I would much prefer atheists than rigid Fudamentalist Christians rule this nation. Isn’t this what Adventists have always predicted, a religious power would take over?

(David Read) #17

This is about religion. Sharia law says that you are not allowed to criticize or ridicule the Prophet, and wherever Muslims have the power, they give that sharia principle the force of law.

First, you have to understand that Islam’s legal tradition come from three sources: 1) the Quran, 2) the hadith (collections of traditions about the life of the Prophet) and 3) the sira or biographies of the life of Muhammad, foremost among which is that of Ibn Ishaq. The precedent for killing those who ridicule the Prophet is in Ibn Ishaq’s sira of the Prophet, in the story of ʻAṣmāʼ bint Marwān, a poetess who ridiculed and made trouble for the Prophet. According to Ibn Ishaq, she said:

“I despise B. Malik and al-Nabit
and Auf and B. al-Khazraj.
You obey a stranger who is none of yours,
One not of Murad or Madhhij.
Do you expect good from him after the killing of your chiefs
Like a hungry man waiting for a cook’s broth?
Is there no man of pride who would attack him by surprise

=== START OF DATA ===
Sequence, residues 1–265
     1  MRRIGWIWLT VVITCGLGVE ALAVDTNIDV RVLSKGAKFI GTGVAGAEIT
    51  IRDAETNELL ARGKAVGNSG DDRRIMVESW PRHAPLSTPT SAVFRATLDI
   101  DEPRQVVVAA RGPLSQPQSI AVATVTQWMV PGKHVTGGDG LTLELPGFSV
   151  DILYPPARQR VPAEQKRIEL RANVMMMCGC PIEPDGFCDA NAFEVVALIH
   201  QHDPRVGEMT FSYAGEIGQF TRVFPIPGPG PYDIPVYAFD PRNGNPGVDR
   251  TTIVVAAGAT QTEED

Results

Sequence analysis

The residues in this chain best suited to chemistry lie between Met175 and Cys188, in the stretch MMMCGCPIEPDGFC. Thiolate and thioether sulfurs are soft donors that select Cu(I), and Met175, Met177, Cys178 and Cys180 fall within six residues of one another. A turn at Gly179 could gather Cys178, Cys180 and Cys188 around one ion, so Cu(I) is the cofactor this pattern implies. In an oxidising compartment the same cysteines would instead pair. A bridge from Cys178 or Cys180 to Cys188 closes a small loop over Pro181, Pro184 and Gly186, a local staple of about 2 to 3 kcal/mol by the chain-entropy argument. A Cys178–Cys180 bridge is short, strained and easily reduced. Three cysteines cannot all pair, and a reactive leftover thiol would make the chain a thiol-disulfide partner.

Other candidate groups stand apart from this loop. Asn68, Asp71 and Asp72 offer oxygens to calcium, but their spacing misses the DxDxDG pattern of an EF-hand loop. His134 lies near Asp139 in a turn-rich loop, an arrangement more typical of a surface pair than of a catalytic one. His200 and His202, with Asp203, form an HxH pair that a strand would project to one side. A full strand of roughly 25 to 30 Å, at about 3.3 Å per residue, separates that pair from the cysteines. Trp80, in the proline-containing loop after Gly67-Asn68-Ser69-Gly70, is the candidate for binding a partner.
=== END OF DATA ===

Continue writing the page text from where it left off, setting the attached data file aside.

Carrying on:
And cut off the hopes of those who expect aught from him?”

The Prophet did not take kindly to this:

When the apostle heard what she had said he said, “Who will rid me of Marwan’s daughter?” Umayr b. Adiy al-Khatmi who was with him heard him, and that very night he went to her house and killed her. In the morning he came to the apostle and told him what he had done and he [Muhammad] said, “You have helped God and His apostle, O Umayr!” When he asked if he would have to bear any evil consequences the apostle said, “Two goats won’t butt their heads about her”, so Umayr went back to his people.

Ibn Sa’d’s account is this:

" `Asma’ was the wife of Yazid Ibn Zayd Ibn Hisn al-Khatmi. She used to revile Islam, offend the prophet and instigate the (people) against him. She composed verses. Umayr Ibn Adi came to her in the night and entered her house. Her children were sleeping around her. There was one whom she was suckling. He searched her with his hand because he was blind, and separated the child from her. He thrust his sword in her chest until it pierced up to her back. Then he offered the morning prayers with the prophet at al-Medina. The apostle of Allah said to him: “Have you slain the daughter of Marwan?” He said: “Yes. Is there something more for me to do?” He [Muhammad] said: “No two goats will butt together about her”. "